Sunday 25 November 2012


Transatlanticism n. The state of being in a long-distance relationship with another person over the Atlantic Ocean, for example, with one participant living in the United States and the other living in the United Kingdom, along with the emotions that accompany such a state, such as the desire of physical intimacy, melancholy and hope. Coined from the song of the same name by Death Cab for Cutie (source: Urban Dictionary).

I've no idea if David Bishop (@broadfordbrewer) named this beer based on the above, or if perhaps the meaning was derived from the marrying together of the two styles (London Porter and US IPA) it draws from. What I do know is that the beer was brewed specifically for a competition run by Rooster's Brewery in Knaresborough, North Yorkshire for Leeds home brewersAs I've acknowledged in previous posts, David has been hugely supportive of my own first steps into home brewing, and for me is the very definition of the friendliness that underpins the UK scene. As he explains in his post about it, "the beer is a hop forward porter, meaning that in the first instance I aimed to brew a Black IPA, made it too roasty (possibly) and viola!". 

To those who've tried some of David's brews, it will come as no surprise that the beer wowed the judges and won the competition. The judges noted that "the beer screamed HOPS at you from the glass. Bursting with juicy fruit aromas amidst a touch of coffee, backed up by a big hit of roasty bitterness". David's prize was to have the beer brewed commercially in collaboration with Roosters, who made it clear on the brew day that they wanted the scaled up version to closely match the flavours and aromas of the original brew. Fast forward a few weeks, and the commercial version of this beer hit the shelves of Beer Ritz in Leeds, where a whole case was sold in about 2 hours! Now, having been lucky enough to sample a few of David's brews in the past and having enjoyed everything I'd tried from the Rooster's brewery, this was something I had to get my grubby mitts on.

I placed an order (If you're quick, you can still grab some from their mail-order site here) and waited for it to arrive. I didn't have to wait long. The service from Beer Ritz was excellent as always and the bottle arrived at my door some 19 hours after ordering - impressive!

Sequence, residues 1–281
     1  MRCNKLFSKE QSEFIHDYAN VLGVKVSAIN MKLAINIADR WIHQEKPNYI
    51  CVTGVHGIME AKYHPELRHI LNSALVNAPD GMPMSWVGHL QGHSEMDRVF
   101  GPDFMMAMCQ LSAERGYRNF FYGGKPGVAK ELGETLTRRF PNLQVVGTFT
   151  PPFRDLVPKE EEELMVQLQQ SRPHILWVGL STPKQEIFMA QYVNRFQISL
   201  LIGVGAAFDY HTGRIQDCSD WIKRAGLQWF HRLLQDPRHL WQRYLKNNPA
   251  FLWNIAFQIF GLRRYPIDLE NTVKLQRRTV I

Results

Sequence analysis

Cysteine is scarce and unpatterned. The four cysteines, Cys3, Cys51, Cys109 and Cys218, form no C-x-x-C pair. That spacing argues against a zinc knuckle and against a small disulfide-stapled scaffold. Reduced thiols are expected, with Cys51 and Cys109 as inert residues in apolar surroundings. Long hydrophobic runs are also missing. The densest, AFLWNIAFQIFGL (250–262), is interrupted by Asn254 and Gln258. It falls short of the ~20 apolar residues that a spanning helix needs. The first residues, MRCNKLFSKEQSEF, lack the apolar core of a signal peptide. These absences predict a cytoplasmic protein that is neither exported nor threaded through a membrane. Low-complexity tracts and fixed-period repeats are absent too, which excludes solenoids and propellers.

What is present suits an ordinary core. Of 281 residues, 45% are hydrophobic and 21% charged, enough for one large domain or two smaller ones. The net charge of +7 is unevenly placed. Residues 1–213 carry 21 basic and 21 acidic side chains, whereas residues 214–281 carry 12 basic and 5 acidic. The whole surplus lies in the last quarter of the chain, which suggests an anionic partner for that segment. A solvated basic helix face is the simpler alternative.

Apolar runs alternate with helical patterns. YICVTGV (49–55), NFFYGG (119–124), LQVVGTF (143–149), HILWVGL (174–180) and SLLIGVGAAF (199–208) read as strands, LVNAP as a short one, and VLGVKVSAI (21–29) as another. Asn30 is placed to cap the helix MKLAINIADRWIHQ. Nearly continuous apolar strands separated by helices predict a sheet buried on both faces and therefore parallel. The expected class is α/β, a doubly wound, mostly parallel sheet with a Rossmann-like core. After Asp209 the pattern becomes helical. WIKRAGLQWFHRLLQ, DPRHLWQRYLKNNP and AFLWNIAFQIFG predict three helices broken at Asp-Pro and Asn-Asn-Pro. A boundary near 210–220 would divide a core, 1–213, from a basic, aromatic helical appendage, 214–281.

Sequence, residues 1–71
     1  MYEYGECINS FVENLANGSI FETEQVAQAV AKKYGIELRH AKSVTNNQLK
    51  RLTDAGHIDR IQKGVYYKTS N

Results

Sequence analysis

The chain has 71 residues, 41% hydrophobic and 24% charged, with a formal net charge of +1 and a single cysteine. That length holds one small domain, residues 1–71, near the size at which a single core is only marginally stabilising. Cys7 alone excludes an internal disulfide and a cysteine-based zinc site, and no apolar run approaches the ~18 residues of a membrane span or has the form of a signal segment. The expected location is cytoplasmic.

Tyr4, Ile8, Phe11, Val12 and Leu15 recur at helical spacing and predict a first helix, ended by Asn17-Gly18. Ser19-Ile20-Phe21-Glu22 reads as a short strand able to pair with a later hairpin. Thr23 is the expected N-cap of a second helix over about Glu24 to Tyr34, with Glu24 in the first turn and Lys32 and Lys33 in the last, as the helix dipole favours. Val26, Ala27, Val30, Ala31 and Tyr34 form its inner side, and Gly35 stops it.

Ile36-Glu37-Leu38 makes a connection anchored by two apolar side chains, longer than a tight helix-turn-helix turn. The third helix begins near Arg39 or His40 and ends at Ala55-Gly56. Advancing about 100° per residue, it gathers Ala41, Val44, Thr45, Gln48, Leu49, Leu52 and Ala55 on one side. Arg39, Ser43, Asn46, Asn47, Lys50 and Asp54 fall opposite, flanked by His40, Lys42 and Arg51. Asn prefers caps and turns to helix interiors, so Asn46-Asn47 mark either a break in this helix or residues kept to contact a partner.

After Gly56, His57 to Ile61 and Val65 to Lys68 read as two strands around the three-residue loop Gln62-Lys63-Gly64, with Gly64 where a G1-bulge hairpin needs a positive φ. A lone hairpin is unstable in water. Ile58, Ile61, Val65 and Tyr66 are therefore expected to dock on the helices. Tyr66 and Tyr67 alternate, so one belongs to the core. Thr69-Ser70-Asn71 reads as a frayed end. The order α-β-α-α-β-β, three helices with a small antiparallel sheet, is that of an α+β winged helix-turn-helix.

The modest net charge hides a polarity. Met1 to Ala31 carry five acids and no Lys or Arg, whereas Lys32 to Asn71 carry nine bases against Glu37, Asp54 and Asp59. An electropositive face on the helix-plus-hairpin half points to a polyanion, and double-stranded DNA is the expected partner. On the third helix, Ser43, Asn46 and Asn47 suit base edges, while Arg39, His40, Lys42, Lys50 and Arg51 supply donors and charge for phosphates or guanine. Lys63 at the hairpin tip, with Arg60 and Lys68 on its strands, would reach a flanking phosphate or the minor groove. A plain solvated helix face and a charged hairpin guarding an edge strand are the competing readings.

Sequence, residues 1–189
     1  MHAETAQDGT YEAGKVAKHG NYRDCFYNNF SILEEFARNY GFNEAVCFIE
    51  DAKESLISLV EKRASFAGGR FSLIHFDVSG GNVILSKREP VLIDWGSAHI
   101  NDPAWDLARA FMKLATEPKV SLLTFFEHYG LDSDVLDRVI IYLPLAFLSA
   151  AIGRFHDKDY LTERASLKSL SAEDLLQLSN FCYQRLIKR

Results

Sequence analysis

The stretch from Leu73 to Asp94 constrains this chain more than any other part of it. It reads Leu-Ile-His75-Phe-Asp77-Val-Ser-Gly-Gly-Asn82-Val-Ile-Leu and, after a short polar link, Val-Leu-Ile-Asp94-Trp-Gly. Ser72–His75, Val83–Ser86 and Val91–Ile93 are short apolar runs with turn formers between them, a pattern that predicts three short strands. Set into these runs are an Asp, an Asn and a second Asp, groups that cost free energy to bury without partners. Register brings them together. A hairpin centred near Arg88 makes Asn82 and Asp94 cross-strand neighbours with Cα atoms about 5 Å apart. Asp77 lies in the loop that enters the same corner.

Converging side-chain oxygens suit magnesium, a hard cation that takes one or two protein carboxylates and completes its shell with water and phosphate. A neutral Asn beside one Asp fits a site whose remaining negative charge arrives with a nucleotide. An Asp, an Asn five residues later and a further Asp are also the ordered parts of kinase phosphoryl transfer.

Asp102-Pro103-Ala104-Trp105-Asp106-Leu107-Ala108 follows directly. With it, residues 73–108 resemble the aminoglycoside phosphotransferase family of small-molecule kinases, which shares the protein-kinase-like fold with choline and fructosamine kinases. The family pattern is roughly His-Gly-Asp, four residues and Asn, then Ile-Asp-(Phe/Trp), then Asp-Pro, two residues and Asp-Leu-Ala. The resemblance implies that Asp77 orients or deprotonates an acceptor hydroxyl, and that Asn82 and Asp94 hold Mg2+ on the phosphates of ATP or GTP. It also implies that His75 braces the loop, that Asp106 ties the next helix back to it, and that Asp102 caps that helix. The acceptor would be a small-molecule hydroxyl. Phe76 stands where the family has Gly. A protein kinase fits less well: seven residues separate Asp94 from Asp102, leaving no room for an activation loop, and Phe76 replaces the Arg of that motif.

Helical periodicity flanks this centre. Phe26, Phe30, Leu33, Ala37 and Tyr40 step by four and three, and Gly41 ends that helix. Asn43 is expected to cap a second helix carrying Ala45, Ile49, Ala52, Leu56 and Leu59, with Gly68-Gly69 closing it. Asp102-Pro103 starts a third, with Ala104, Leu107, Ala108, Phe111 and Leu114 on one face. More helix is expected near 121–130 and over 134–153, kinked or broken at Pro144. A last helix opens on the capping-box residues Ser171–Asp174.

The beer pours an opaque black colour, although if you hold it up to the light, the edges turn a transparent dark golden brown. It had a thin magnolia coloured head that subsided quickly. The initial slow pour produced no head, so I switched to a more vigorous pour towards the top of the glass.  Holding the glass up for a sniff, I first picked up the pine and citrus (especially orange) notes produced by the Centennial and Cascade dry hopping, but swirling and sniffing more I was able to pick up a roasty smoky quality beneath the hops, with a distant hint of caramel. As a huge fan of the Black IPA style, it smells delicious. 

In terms of initial mouth feel, there was very little carbonation to speak of. If you hold the beer on your tongue, you get a subtle fizz that soon subsides. There's plenty of body to underpin the flavours, which start out with hints of roasted coffee before subsiding into a lovely fruity hop bitterness. The orange I picked up in the aroma carried through to the middle of the beer. I can see why this is described as a hop-forward Porter. It certainly had plenty of dark roasty flavour to support the description, but this is first and foremost a hoppy beer and the finish has the perfect amount of hop bitterness for me.

All told, I think this is a very good beer (it certainly disappeared quickly, despite being a large 750ml bottle!) but I feel more carbonation would make it a great beer. It's possible that the lack of carbonation may have been specific to this bottle. The good news is I ordered two, so watch this space!


  1. Cheers Andy, you are right on both counts with the name...I picked it as I love the album, but also as it was an attempt at picking up on the US/UK styles in the beer...hopefully a successful long distance relationship! Also spot on with with the comment on brewing a Black IPA, although the Roosters version was tweaked slightly to give it more body and Porter character with some brown malt and oats. I've since brewed my third attempt at a BIPA and think I've cracked it...I'll get a bottle to you for your musings :)

    Thanks again.

    1. Thanks for your comment David and for confirming the origins of the curious name! I must have a crack at brewing a BIPA soon as I really do enjoy drinking them.